at The University of Chicago
Visit our new site for all current information.

Art Deco

May 01 – June 09, 1973

Maurice Dufrene, manner of
Desk and Chair, German marble clock
Paul Bonet (French) | Marcel Bouraine (French) | Edgar Brandt (French) | Marianne Brandt (German) | Elton Breckenridge (American) | Rene Buthaud (French) | Charles Catteau (Belgian) | Gaetano Cecere, Medallic Art Co. (American ) | Dimitri H. Chiparus (Romanian) | George Clews and Company (English) | Nancy Daum Freres (French) | Emile Decoeur (French) | Francois-Emile Decorchemont (French) | R. R. Donnelley (American) | Maurice Dufr?ne (French) | Jean Dunand (Swiss) | C. Faure, Limoges (French) | Christian Fjerdinstad (Danish) | Tsugouharu Foujita (Japanese) | Simon Gate (Swedish) | Rene Gauguin (Danish) | Edward Hald (Swedish) | Omar A. H. Hansen, Medallic Art Co. (American ) | Mateo Hernandez (Spanish) | Paul Iribe | Leon Jallot (French) | Charles Edouard "Le Corbusier" Jeanneret (Swiss) | Georg Jensen (Danish) | Frank Kupka (Bohemian) | Jean-Emile Laboureur (French) | Rene Lalique (French) | Marie Laurencin (French) | Fernand Leger (French) | Pierre Legrain (French) | Emile Lenoble (French) | Claudius Linossier (French) | Boris Lovet-Lowski (American) | Mappin and Webb (English) | Jean Mayodon (French) | Carl Milles (Swedish) | Henri Navarre (French ) | Gustav Oppel (German) | Paul Poiret (French) | F. Preiss | Pere Pruna Ocerans (Spanish) | Jean Puiforcat (French) | Charlotte M. Raye (American) | Emile-Jacques Ruhlmann (French) | Sara Sax, Rookwood Pottery (American) | Schneider (French) | Scholles (American) | John Storrs (American) | Ludwig Mies van der Rohe (German) | Heinz Warneke (American) | Frank Lloyd Wright (American)
The Renaissance Society and the University's Bergman Gallery are jointly presenting the exhibition Art Deco: Trends in Design.

Recent years have seen a revived interest in design and particularly in decorative arts of the 1920s and 1930s. The term "Art Deco," reflecting the jazzy, stylish aspect of the period, was first coined in 1966; it is derived from the name of the great Paris exhibition of 1925, L'Ex[postion Internationale des Art Decoratifs et Industriels Modernes (International Exposition of Modern Decorative and Industrial Arts). In fact, the period was characterized by a greater diversity of ideals, tastes, annd intentions than the term "Art Deco" implies and this is clearly reflected in the decorative arts of the time. While Mies van der Rohe and Le Corbusier were thinking in terms of simple, functional design capable of mass-production thus bringing master designs into the everyday life of many people, Emile-Jacques Ruhlmann and Jean Puiforcat were making elegant designs (in furniture and silver respectively) which carried on the old ebeniste tradition of custom-made objects for the privileged few. Machines and a new fascination with speed are reflected in designs for furniture, posters, and even home appliances while amusing, ingenious , and bizarre objects abound.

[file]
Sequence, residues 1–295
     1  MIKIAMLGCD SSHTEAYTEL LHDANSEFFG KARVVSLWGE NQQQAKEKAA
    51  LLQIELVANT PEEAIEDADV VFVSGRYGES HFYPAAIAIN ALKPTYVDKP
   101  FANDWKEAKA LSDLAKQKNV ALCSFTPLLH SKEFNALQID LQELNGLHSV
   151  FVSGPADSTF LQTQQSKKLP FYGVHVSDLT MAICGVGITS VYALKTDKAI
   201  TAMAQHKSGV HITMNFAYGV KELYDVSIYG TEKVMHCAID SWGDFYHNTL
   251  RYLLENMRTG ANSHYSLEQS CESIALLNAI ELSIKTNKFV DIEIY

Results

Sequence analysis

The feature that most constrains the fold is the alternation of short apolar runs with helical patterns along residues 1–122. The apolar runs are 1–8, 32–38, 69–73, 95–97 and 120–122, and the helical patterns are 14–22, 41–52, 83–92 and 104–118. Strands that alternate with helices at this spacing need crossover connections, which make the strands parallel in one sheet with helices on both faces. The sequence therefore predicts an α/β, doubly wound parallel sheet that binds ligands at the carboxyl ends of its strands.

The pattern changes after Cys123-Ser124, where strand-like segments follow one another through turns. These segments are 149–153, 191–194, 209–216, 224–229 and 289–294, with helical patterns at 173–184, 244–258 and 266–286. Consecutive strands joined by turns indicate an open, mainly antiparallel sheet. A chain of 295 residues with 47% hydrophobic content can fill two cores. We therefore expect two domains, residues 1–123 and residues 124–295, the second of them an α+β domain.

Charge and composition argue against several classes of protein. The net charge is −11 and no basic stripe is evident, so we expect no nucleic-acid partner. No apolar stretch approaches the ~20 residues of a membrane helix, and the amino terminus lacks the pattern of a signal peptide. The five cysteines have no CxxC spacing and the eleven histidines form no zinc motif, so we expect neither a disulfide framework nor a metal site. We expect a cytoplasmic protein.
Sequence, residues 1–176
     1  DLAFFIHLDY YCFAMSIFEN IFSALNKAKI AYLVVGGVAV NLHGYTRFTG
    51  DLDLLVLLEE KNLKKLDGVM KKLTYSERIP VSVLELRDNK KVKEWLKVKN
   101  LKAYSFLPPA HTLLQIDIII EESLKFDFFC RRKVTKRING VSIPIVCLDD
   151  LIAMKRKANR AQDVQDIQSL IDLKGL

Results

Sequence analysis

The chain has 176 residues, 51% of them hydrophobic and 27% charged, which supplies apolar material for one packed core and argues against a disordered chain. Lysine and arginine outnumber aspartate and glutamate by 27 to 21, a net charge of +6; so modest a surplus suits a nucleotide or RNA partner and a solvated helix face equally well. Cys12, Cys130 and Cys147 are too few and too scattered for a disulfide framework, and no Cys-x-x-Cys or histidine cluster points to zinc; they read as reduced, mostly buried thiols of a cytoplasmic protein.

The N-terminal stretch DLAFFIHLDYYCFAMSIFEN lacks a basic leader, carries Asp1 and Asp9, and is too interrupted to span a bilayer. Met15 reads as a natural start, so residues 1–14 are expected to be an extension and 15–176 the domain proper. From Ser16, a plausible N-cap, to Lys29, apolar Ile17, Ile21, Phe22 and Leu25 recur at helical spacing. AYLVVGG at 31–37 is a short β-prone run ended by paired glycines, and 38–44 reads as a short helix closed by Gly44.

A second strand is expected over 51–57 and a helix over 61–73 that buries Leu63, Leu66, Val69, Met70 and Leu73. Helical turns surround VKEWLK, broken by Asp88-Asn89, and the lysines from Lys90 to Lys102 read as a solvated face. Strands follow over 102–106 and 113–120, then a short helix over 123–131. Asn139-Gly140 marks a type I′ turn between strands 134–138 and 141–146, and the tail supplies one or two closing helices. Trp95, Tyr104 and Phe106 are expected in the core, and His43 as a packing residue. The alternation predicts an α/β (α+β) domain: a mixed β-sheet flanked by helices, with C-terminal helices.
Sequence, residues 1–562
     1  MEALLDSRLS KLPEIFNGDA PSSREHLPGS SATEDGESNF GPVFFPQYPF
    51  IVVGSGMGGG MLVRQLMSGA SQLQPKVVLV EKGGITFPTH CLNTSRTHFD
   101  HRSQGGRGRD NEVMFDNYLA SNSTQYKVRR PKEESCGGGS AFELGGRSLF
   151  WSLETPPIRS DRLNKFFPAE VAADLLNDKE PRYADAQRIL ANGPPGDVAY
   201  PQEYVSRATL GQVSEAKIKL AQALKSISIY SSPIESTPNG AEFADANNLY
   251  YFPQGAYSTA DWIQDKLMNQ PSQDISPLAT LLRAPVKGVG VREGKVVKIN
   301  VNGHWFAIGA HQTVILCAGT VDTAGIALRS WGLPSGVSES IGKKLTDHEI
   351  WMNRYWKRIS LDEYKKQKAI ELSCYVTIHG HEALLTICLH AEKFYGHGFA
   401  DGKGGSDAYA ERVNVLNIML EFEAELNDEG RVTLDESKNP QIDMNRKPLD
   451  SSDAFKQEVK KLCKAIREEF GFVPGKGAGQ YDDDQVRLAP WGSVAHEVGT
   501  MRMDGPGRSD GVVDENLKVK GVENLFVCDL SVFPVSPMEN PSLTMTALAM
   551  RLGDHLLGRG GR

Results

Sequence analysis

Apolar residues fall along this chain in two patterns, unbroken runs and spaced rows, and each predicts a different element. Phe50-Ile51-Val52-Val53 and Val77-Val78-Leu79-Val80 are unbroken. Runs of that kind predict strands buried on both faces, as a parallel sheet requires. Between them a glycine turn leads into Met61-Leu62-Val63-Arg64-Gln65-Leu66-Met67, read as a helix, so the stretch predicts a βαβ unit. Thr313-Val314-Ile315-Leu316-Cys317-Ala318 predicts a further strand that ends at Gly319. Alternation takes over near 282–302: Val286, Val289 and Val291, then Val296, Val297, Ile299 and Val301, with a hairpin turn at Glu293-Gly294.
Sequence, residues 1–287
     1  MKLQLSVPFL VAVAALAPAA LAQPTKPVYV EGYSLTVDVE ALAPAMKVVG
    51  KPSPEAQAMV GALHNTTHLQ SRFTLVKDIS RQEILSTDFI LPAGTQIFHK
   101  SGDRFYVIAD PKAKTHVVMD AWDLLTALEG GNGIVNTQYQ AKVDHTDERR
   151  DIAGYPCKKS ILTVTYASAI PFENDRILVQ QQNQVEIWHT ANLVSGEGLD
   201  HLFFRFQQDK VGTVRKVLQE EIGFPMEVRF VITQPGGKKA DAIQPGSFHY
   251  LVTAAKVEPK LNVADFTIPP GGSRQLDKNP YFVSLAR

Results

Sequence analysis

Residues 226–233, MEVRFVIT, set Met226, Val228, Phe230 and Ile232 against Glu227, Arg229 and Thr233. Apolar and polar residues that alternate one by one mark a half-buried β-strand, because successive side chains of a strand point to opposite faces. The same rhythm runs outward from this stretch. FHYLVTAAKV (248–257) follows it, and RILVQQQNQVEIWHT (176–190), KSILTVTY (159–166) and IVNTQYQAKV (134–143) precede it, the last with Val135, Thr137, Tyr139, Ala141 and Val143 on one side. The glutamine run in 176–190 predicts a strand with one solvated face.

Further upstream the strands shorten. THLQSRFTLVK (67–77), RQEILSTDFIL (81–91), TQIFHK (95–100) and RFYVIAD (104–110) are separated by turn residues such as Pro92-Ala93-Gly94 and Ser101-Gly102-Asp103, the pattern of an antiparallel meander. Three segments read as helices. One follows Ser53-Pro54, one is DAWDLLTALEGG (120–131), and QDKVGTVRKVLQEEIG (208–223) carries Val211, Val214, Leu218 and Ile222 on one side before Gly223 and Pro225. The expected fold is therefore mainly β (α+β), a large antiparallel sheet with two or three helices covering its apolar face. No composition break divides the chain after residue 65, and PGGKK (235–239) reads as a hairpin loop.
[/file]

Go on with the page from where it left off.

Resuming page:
The present exhibition will emphasize the diversity of concurrent trends. Furniture, ceramic, glass, silver, metalwork, posters , prints, magazine advertistements, postage stamps, and textiles have been selected from Chicago area collections. Great names such as Ruhlmann, Corbusier, or Lalique and fine mass -produced items such as Sunbeam coffee maker are represented.

This text was originally published in the exhibition press release.


The Renaissance Society
is a contemporary art
museum free and
open to the public
Fri  Jun 14, 2024